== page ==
Then they just about set off, for the bull said that they should go a bit farther, and then they went over many great hills of dense forest. This lasted a while, and then they came up the mountain.

“Do you see anything?” asked the bull.

“Yes, I see a small castle, far, far away,” said the king’s daughter.

“It’s not quite so small,” said the bull.

After a long, long time, they came to a great mound, where there was a sheer rock wall.

“Do you see anything now?” said the bull.

“Yes, now I see the castle close by; now it is much, much bigger,” said the king’s daughter.

“That is where you are going,” said the bull. “Close below the castle is a pigsty; you shall go there, where you will find a wooden skirt. You shall put it on, and go to the castle, and say that your name is Kari Woodenskirt, and ask to go into service. But now you shall take your small knife and cut my head off with it, then skin me and roll the skin together and lay it below the rock wall there, and you shall lay the copper leaf, the silver leaf and the golden apple in the skin. Over by the rock there stands a stick; when you want something with me, then simply knock upon the rock wall with it.”

At first she would not, but the bull said that it was the only thanks he would receive for what he had done for her, and so she could do aught else. She thought it so heartily painful, but she toiled and cut the big animal with her knife, until she got its head and skin off it. Then she laid them together below the rock wall, and laid the copper leaf and the silver leaf and the golden apple in it.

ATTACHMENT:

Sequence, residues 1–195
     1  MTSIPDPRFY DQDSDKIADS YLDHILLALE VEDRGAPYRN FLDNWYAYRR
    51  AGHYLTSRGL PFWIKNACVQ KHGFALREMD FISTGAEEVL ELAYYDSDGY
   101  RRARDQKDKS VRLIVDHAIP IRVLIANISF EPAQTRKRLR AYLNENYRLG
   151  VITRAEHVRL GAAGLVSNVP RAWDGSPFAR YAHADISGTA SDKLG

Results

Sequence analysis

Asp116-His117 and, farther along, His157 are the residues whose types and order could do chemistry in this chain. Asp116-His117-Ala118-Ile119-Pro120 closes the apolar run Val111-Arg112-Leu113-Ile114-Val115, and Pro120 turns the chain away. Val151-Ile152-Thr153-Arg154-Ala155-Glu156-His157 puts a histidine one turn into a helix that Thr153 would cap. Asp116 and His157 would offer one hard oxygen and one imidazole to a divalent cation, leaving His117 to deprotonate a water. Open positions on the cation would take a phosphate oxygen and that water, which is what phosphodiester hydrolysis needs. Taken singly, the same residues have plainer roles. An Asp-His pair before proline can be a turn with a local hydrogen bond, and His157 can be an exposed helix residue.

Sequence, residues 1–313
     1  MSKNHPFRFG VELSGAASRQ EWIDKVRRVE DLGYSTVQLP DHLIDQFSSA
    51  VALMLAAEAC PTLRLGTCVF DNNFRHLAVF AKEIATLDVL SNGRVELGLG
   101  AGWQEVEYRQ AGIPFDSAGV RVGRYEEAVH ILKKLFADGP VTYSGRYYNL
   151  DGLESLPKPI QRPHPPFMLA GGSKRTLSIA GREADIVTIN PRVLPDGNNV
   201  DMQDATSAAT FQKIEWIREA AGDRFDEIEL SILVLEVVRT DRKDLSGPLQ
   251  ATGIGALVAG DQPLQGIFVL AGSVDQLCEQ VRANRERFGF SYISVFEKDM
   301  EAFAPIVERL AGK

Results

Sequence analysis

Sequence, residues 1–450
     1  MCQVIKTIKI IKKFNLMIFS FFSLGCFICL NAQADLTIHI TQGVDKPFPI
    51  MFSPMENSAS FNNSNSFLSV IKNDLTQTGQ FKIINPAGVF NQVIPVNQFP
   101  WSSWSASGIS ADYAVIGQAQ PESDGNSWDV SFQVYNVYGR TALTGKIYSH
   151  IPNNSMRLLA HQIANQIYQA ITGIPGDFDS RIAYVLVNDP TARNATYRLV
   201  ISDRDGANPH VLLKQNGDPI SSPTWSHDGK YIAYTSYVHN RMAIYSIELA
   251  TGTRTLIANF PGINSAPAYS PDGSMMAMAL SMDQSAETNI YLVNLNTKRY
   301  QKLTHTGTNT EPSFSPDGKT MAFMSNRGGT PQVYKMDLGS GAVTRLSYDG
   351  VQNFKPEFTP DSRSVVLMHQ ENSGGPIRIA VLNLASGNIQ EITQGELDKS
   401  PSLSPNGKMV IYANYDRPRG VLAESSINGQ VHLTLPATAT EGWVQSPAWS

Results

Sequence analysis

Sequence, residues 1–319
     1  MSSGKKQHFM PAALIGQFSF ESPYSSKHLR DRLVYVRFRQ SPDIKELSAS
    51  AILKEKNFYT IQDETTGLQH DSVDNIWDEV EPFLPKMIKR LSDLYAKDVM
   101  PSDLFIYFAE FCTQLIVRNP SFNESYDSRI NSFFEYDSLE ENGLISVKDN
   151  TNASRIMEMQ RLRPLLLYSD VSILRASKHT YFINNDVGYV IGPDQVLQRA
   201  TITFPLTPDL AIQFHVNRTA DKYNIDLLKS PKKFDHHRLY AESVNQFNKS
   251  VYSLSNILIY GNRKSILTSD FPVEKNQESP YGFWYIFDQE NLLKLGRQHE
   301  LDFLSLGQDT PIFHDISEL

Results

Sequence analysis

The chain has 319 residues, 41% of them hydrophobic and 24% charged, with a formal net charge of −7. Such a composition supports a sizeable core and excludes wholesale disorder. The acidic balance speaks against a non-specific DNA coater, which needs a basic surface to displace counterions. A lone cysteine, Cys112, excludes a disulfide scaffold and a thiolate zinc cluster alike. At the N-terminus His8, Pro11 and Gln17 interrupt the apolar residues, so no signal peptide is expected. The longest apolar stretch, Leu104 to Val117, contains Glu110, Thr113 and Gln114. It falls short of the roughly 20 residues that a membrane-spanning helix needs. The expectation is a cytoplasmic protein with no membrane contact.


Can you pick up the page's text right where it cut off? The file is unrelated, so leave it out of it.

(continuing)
When she had done this, then she went over to the pigsty, and as she went she wept and was clearly distresed. There she put on the wooden skirt, and then she went to the king’s farm. When came into the kitchen, she asked to go into service, saying she was called Kari Woodenskirt. Yes, said the cook, she could. She could remain there, washing, for the one who had done it before had but newly left; “but when you grow tired of staying here, then you will probably go off on your way, too,” she said.

No, that she would certainly not do.

She was both quick and good at washing. On Sunday, a stranger should come to the king’s farm. So Kari asked leave to go with the prince’s washing water, but the others laughed at her, and said, “What do you want to do there? Do you think the prince wants anything to do with you, the way you look?”

She did not give in, though, but continued to beg until at last she was allowed to go.

When she went up the stairs, her wooden skirt rattled, so that the prince came out and asked: “What manner of one are you?”

“I was to bring you your washing water,” said Kari.

“Do you think I want the water you carry?” said the prince, and he tipped the water over her. With that she had to go.

But then she asked leave to go to the church that stood close by. But first she went to the mountain and knocked with the stick that stood there, as the bull had instructed. Straightway there came out a man, asking what she wanted. The king’s daughter said that she had now been given leave to go to church, to listen to the parson, but that she had no clothes to wear. Then he came with a dress for her; it gleamed like the copper forest, and she received a horse and saddle, too.

When she arrived at church, she was so beautiful and fine that everyone wondered who she was, and nearly no one listened to what the parson had to say, for they looked too much at her; the prince himself liked her so well that he could not take his eyes off her for even a moment.